The excellent Omeka Classic is, as described on their web page, a web publishing platform for sharing digital collections and creating media-rich online exhibits. I use it in a variety of instances where digital records need to be maintained.  It is a straight forward "LAMP" application, with requirements restricted to the Apache web server, PHP and Mysql/MariaDB.  It would be fabulous if there was a little more flexibility about those requirements, especially Apache, and the database.  Well, I don't think there's much chance of the database requirement being abstracted to provide more flexibility, but we can definitely do something about the web server part. There's is nothing, apparently, intrinsically apache-esque about the system, but it is not unreasonable for the Omeka team to state a preferred environment, as their support headache must be bad enough. But I have become quite fond of the light touch, yet scalability, of the Lighttpd web server.  And when the web server is mainly just the conduit to a php engine, lighttpd excels.

Why would one want to run Omeka under Lighttpd? Well one reason is that Omeka's simplicity yet capability makes it a perfect fit in smaller environments for running on a Raspberry Pi or other lightly resourced system. One seeks to optimise such light environments, and while Apache does not need to be the lumbering behemoth it once was, there may be advantages in using Lighttpd in its place.

Some time ago, I dived into a lighttpd configuration to see what the included .htaccess file did, and with some help from elsewhere, got a basically working system in place.  In fact, there is a mistake in that configuration, but the gist of it still works, and works well.  As I see there are occasionally others who are interested in running Omeka under lighttpd, I thought I would re-document the configuration on my blog here, as the original post is now quite old. This is what needs to be added to the lighttpd configuration to get Omeka working. The example assumes Omeka is running in a subdirectory, but the relevant parts are easily identified, and can be changed or removed if your instance is running at the top level. It really is simple, and really needs just four lines. Thanks are due to the Omeka team for not putting too much dependency on the .htaccess file.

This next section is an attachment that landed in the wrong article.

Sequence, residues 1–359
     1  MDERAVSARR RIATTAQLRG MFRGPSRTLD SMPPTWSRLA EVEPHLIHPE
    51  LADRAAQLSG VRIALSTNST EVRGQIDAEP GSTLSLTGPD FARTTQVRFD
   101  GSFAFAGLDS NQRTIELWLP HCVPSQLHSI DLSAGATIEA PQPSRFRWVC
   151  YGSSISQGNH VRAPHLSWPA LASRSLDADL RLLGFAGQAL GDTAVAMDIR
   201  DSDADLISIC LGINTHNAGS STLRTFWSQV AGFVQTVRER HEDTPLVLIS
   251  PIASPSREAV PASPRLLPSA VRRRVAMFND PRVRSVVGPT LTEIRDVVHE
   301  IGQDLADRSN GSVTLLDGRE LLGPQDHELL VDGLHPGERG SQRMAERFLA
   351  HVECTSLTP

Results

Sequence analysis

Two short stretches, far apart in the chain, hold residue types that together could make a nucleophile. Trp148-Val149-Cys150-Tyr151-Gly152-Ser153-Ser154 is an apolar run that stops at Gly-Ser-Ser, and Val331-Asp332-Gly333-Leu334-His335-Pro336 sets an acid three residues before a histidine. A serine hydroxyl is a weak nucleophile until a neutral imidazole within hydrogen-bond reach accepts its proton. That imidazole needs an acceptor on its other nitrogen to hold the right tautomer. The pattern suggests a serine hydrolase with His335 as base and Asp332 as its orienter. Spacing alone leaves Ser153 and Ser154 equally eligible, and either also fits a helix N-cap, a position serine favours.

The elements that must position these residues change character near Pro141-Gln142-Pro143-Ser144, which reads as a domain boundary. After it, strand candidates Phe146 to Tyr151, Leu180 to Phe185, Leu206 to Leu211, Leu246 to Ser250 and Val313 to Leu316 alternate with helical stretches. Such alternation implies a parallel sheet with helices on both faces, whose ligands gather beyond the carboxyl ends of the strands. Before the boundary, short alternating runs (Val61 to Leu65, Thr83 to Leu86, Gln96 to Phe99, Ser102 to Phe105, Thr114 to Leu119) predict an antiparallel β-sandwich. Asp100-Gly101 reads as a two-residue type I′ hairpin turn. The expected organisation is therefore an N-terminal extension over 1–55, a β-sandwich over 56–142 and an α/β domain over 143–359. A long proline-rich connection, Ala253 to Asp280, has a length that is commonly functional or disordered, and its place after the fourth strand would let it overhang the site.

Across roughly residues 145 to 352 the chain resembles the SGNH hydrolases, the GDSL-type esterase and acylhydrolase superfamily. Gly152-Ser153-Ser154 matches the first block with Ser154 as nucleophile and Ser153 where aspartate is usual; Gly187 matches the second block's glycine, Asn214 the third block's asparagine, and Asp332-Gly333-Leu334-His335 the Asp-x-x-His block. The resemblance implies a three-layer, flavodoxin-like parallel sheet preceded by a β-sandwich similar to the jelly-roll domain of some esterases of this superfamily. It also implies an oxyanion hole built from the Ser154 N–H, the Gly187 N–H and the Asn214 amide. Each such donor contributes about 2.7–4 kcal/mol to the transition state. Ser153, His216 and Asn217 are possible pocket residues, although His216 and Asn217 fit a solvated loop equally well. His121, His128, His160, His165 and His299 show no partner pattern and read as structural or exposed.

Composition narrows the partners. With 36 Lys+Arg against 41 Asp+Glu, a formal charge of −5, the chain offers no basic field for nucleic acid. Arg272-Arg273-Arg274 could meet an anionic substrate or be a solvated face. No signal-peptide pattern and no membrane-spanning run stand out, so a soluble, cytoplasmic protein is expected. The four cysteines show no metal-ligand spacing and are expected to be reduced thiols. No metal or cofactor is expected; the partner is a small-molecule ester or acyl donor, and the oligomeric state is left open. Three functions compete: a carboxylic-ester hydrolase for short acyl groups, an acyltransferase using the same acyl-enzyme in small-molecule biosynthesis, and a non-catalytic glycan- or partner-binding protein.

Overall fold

############Omeka################
## Assumes Omeka is running as  sub-directory
url.rewrite-once = (
##admin pages
  "^/omeka/admin([^.?]*)\?(.*)$" => "/omeka/admin/index.php?q=$1&$2",
  "^/omeka/admin([^.?]*)$" => "/omeka/admin/index.php?q=$1",
##Main pages
  "^/omeka/([^.?]*)\?(.*)$" => "/omeka/index.php?q=$1&$2",
  "^/omeka/([^.?]*)$" => "/omeka/index.php?q=$1",
#########################################
## NOTE: Initial installation needs to be done at ~/omeka/install/install.php
## Don#t bother with redirection as it's only needed the once.
## but it would be something like
##  "^/omeka/install([^.?]*)\?(.*)$" => "/omeka/install/install.php"
)
# Ensure ini files are excluded, Ensure the "static-file.exclude-extensions"
# in the main  config file, include these this
##static-file.exclude-extensions = ( ".php", ".pl", ".fcgi", ".ini", ".htaccess" )
### End of Omeka section
################################

I hope this helps.